THE TRUMP ADMINISTRATION has announced its first full budget, which calls for the elimination of federal funding for after-school and summer programs for low-income communities, known as 21st Century Community Learning Centers.
This cut would have drastic effects for working families. Federal funding for after-school programming supports 1.1 million students nationwide. An overwhelming body of evidence says that these programs help to close the opportunity gap in education, increase student academic and behavioral outcomes, and reduce school absences.
These programs are often a lifeline for working parents, especially working mothers. As Federal Reserve chair Janet Yellen recently observed, programs that enable women to balance work and family life help foster greater workforce participation, which has real economic consequences: Increases in women’s workforce participation from 1948-1990 expanded the potential growth rate of real GDP by a half percentage point per year.
Federal investments in after-school programs yield a significant return on investment. The total cost of the 21st Century Community Learning Centers program is only $1.2 billion, approximately 0.2 percent of total federal spending, and only one-20th the expected cost of Trump’s border wall. Unlike the wall, federal investments in after-school programs yield a 3-to-1 return, according to state and national reports, by increasing students’ earning potential and reducing crime and other social safety net expenses.
At Citizen Schools, a national after-school organization that serves 5,000 students in five states, we have seen firsthand the difference that these programs make in young people’s lives. Consider a student named Nelson, who attends Joseph A. Browne Middle School in Chelsea. Nelson has struggled during the traditional school day. His mother works two jobs. She couldn’t afford the academic and extracurricular supports that Citizen Schools makes possible, so she relies on federal funding to ensure that Nelson is in a safe, enriching space after school. That matters, because these supports help change a student’s academic trajectory: On average, students at Citizen Schools are 25 percent more likely to go to college and twice as likely to graduate with a four-year college degree, as compared with their peers. At Citizen Schools, Nelson has thrived.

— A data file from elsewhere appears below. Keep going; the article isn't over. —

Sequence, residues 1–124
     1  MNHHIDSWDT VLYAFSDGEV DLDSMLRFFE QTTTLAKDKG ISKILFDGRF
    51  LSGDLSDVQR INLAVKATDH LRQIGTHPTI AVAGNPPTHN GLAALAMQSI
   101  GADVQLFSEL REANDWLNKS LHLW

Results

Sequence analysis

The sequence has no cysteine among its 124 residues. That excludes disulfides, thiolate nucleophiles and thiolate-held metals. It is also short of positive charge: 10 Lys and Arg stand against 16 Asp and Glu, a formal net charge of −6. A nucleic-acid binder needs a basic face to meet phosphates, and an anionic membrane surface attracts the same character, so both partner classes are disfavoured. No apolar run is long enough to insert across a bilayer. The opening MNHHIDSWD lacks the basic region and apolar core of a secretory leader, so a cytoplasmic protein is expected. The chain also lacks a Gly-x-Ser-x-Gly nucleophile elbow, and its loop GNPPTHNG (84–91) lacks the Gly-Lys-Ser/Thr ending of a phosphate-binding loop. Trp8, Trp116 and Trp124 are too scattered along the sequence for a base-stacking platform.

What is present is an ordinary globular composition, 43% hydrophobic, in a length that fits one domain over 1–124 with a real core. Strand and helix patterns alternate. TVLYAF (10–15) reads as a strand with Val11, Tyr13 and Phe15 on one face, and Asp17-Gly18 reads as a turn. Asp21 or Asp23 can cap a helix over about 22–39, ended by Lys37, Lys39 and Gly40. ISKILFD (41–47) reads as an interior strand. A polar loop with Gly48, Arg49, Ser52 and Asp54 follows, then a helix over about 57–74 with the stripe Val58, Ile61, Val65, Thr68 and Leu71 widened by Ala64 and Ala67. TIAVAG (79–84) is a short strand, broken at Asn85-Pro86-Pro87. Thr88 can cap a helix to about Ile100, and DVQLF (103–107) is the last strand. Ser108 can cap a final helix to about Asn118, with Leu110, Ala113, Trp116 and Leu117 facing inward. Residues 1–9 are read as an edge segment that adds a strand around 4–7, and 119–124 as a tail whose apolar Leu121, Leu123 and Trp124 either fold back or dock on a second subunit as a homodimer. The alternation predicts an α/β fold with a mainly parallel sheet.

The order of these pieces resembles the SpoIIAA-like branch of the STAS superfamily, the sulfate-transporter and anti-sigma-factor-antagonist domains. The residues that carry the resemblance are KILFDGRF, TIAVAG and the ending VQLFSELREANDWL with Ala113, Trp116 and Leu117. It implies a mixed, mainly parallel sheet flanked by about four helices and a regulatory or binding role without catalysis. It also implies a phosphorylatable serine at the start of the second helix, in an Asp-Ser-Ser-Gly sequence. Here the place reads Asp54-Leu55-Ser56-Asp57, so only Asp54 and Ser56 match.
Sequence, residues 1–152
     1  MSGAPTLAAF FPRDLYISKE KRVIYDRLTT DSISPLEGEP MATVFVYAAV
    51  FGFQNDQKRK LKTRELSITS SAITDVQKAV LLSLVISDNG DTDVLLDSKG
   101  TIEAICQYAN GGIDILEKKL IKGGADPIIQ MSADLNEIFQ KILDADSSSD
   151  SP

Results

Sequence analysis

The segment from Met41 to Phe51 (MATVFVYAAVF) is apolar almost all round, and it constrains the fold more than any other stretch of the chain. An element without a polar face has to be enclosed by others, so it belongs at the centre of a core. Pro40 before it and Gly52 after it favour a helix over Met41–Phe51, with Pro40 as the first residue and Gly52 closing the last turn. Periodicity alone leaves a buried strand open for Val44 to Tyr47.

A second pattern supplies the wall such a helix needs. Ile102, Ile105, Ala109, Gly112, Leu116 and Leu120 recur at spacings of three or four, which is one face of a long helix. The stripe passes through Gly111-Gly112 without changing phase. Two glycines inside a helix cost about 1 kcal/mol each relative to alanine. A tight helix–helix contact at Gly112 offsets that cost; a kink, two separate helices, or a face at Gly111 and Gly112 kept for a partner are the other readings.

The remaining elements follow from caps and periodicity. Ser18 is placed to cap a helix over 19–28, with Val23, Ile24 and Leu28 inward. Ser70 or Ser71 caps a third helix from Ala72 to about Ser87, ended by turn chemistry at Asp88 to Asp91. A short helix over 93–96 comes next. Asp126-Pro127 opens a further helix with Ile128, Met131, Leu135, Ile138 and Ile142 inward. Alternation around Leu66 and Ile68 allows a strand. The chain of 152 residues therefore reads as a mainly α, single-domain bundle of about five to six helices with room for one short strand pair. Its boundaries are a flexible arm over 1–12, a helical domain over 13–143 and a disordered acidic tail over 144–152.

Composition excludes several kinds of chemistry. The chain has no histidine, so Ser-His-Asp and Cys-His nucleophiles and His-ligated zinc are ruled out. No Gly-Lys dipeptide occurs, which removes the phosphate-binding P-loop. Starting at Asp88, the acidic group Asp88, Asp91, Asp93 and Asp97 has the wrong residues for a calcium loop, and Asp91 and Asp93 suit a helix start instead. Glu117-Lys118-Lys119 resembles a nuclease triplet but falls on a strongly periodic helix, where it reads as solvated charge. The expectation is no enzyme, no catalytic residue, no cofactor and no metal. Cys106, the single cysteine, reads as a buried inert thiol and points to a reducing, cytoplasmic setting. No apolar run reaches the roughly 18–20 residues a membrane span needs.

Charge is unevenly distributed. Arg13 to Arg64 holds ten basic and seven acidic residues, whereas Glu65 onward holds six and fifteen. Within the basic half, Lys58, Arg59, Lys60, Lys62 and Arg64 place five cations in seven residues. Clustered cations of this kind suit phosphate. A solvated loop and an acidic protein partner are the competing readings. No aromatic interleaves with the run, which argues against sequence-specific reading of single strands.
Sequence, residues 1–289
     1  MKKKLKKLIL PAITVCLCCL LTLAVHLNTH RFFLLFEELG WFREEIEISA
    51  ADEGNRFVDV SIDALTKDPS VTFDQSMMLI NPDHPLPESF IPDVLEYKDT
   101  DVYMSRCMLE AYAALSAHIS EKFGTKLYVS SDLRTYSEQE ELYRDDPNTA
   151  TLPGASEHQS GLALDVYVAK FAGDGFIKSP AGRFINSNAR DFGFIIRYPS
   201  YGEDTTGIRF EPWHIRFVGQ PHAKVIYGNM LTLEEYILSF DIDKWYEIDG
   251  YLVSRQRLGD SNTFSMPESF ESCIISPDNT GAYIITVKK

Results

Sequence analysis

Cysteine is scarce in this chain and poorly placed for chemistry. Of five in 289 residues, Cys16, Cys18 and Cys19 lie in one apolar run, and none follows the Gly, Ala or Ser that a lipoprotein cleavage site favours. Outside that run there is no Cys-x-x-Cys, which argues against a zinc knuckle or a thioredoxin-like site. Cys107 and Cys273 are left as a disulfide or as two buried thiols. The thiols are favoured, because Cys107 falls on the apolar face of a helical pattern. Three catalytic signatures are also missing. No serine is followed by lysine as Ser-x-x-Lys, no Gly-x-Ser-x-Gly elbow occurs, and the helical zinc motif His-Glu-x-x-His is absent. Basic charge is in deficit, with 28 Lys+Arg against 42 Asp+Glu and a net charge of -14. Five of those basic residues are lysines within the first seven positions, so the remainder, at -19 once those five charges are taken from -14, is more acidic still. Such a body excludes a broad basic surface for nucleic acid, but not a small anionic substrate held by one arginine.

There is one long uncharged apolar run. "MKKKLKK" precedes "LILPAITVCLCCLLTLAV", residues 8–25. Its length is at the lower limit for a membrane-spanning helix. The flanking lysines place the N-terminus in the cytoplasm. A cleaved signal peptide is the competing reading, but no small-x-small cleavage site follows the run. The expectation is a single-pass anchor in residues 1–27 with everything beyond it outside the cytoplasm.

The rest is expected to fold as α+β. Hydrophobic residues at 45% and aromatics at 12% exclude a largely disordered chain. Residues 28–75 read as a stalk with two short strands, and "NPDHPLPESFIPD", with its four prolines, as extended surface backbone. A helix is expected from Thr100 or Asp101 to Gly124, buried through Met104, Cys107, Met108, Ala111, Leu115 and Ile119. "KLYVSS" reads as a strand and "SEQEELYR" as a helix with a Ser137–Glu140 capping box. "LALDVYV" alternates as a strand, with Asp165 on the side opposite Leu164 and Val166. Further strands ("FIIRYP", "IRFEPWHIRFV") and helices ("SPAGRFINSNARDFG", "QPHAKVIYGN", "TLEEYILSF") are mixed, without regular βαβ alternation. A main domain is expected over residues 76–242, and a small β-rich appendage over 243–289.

Even for those of us not currently juggling the demands of our children’s education with the obligations of work, we need to ask ourselves, as a society: Do we have a responsibility to help educate our neighbor’s children? Among those members of Congress who ultimately will be responsible for accepting or rejecting the administration’s proposal, we hope that the answer is a resounding “yes.”
We need to recognize as a nation that education is about more than the school day and school year. It is about what happens before children are ready to enter school, what happens during half the days in the year they are not in school, what happens after school ends and before a parent comes home, and about how students transition from school to work. Yes, school reform is essential. But it is not enough to meet the challenge of opportunity for the next generation. We must work more broadly to assure adequate education for all our kids.
The reality is that a significant majority of Americans support federal funding for after-school programs because those programs measurably benefit students, working families, and the broader economy — and that’s good for all of us.
Lawrence H. Summers is president emeritus of Harvard University and former secretary of the US Treasury. He chairs the Board of Citizen Schools. Emily McCann is the CEO of Citizen Schools.